Eyespot: developing well in some crops. Lodging risk will be an increased issue for those that have ignored the eyespot at T1.

Septoria: lots of septoria in the base of many crops but don't confuse with leaf scorch from earlier fungicide applications.

Weed control: rain has encouraged a recent emergence of broad leaved weeds including cleavers and volunteer oilseed rape.

North East: Generally growth stages are close to 'normal'. In most forward crops tip of flag leaf is just visible. Most crops, ,however, have leaf 2 emerging and flag leaf will be at least another 7 days. 9mm of rain over last 7 days. Fields are travelling well and all T1 applications are now completed. T2 fungicides planned for from 20th May.

Brown Rust: no new infection seen.

Yellow Rust: no new infection seen.

Mildew: no new infection seen.

Eyespot: more lesions penetrating the outer leaf sheath seen this week.

Septoria: recent weather suggests that high levels of Septoria should be seen. In practice it is well within acceptable levels even in some dense crops of Oakley and Viscount. However, there may well be significant levels of latent infection so T2 fungicides will be applied promptly once flag leaf is at least 50% emerged.

Weed control: Areas of poor control of blackgrass becoming more evident now. There are going to be some fields with significant patches come the Summer. Also, since the rain started more broad-leaved weeds have come through so there will be some herbicide needed with the T2 fungicide in a few fields. Cranesbill continues to be 'BLW of the year'.

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Winter Oilseed Rape

image from FoL

Heavy rain and high winds takes its toll.

South East: All crops now between mid to late flowering. Most crops should finish flowering in the next 2 weeks now.

Phoma: no significant renewed spotting seen to date.

Light Leaf Spot: no new infections seen.

Seed Weevil: low levels of adults seen in quite a few crops in the last 7-10 days whenever sun is out.

Mealy aphids: colonies beginning to be noted around headlands in particular.

Sclerotinia: this looks to be a potentially very high risk year and any crops that have not had a fungicide for 18-21 days+ now need spraying urgently.

Eastern Counties: Crops in full flower throughout and have spent most of the flowering period so far wet, with only the odd day when the rape canopy would have dried out. 20 pod set + on the most forward varieties.

Light leaf spot: remained at low levels none on upper leaves, recent conditions have not been conducive to spread of this disease.

Mealy aphids: in small clusters scattered in some crops.

Pollen Beetle: surprising amount of recent pollen beetle damage on late flowering pigeon damaged crops considering the recent low temps and wet weather.

Sclerotinia: still a few outstanding first Sclerotinia sprays but not many.

East Midlands: Crops at 15-20 pods formed and look well. There are reports of laid crops from last Sunday's wind and rain, DK Cabernet being the main culprit apparently. With frosts being expected this weekend some crops could take a double hit.

Light Leaf Spot: just odd pieces but nothing of concern.

Seed Weevil: no weevil seen yet.

Sclerotinia: with the continued wet weather Sclerotinia sprays will be aimed at 3 weeks after the first. Crops have a lot of flowering to do and the colder weather this weekend will slow them down further.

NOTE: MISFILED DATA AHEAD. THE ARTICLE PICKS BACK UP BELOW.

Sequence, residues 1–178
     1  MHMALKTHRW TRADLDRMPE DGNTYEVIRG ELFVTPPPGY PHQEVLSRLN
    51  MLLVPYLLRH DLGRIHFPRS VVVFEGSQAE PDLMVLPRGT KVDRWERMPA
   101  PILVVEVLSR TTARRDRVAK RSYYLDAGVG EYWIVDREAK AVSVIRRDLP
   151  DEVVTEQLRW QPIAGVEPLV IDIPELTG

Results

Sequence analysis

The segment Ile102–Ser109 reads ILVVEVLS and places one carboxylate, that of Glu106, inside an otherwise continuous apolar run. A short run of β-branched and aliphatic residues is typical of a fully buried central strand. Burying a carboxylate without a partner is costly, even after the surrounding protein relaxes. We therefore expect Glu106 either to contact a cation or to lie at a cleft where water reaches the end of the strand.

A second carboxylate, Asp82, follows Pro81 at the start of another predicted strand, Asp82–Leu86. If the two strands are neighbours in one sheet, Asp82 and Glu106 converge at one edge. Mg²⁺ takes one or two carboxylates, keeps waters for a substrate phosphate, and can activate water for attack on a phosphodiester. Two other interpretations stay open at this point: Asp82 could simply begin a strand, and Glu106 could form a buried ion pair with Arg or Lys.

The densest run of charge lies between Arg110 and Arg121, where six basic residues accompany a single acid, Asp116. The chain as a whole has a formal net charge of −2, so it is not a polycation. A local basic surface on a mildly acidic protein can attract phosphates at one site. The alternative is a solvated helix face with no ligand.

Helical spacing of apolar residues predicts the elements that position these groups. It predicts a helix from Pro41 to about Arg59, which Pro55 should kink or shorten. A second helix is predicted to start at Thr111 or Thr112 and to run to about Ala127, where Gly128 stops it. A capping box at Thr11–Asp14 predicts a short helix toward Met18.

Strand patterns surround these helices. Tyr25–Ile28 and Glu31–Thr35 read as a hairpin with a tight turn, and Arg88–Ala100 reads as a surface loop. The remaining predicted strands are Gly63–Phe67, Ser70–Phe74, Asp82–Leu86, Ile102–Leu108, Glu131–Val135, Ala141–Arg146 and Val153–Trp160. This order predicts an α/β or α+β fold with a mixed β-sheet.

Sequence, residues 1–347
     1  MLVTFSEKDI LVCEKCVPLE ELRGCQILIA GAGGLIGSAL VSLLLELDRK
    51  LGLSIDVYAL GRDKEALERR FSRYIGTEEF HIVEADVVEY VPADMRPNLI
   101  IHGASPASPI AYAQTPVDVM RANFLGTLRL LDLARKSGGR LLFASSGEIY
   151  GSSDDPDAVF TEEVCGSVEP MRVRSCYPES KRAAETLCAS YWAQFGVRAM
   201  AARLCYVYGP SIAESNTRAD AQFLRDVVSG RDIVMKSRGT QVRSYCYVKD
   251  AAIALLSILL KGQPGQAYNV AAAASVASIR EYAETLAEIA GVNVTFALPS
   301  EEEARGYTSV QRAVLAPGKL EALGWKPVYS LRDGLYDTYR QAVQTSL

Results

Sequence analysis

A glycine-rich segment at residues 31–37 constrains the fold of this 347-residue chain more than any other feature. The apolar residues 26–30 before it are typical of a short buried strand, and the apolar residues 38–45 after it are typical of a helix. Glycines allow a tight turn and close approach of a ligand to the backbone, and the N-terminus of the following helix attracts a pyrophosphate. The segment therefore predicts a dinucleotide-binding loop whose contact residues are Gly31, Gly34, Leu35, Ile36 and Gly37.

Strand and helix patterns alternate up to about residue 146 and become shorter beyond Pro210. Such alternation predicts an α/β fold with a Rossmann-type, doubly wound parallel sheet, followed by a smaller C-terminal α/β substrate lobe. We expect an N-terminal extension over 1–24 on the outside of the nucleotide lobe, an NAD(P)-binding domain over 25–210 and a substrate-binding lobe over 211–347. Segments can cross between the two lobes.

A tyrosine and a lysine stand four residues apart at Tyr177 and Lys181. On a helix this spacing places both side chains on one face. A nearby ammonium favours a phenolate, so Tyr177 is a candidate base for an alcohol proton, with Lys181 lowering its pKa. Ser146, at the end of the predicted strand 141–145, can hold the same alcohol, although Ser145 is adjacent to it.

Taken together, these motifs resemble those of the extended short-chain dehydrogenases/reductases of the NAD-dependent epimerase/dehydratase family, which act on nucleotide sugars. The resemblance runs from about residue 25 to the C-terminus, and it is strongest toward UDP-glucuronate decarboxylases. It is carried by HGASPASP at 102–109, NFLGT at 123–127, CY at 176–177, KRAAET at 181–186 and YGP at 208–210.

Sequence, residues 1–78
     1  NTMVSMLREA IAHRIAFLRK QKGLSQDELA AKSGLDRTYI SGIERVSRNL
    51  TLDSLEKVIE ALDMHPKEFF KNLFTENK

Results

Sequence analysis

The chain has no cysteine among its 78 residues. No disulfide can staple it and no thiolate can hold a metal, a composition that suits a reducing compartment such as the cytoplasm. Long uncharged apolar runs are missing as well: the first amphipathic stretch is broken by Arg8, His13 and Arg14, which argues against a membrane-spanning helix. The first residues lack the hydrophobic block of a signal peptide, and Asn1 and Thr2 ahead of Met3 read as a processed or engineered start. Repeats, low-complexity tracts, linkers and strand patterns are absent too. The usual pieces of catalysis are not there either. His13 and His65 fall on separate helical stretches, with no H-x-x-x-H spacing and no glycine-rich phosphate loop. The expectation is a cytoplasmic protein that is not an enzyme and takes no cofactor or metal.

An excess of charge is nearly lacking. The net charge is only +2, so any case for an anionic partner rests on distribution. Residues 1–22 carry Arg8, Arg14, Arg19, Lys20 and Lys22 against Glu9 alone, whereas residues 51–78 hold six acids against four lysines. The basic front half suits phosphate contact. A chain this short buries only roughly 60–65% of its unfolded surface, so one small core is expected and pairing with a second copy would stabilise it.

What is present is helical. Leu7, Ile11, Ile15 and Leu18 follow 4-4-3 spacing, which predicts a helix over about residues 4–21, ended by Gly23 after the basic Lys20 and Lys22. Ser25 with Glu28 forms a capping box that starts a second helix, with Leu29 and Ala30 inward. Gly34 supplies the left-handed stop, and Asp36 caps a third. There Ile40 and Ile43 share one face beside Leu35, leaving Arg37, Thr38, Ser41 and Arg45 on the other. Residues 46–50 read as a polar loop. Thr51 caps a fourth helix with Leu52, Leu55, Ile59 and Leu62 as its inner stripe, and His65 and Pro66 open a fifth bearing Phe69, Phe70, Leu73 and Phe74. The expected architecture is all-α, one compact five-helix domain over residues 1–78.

West Midlands: Some crops of Vision now loosing petals quickly, but other crops are at full flower. More heavy rain during the week has resulted in fresh cases of lodging.

Phoma: no new infections.

Light Leaf Spot: very low levels which have not developed.

Seed weevil: none seen yet.

Sclerotinia: most Sclerotinia treatments now completed but the earliest ones were over four weeks ago, for these crops we may go again.

North East: Crops continue to flower strongly, and are currently at densest yellow. Pods are setting well. Fields have travelled well for first Sclerotinia spray. There are a few crops with some plants leaning a little, but no lodging seen in the area.

Phoma: no further infections seen.

Pollen Beetle: crops coming into flower are no longer at risk.

Sclerotinia: The wet conditions are highly favourable to Sclerotinia infection, but the risk is slightly tempered by the low temperatures. It looks as if its going to be a long flowering season so a long period of protection is required.

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Winter Barley

South East: Crops now generally at awns/ears emerging - too late for any further PGR applications.

Eastern Counties: Some have flag leaf out and awns poking through. Disease control is good.

East Midlands: Final leaf 2 now out and expect flag to be out in next week or so. Disease levels remain low although with all this rain pressure is on.

West Midlands: Awns emerging on most forward crops. Even crops with two cyper applications are showing signs of BYDV.

North East: Flag leaf fully emerged in many crops now, and tips of awns just visible in a few. Most crops are well tillered. The hybrid varieties are much thicker than intended, but at least the stems seem thick and strong following the early PGR program. T2 fungicide planned for soon as awns mostly emerged.

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Crop Report compiled by Farming Online from reports received from members of the Association of Independent Crop Consultants.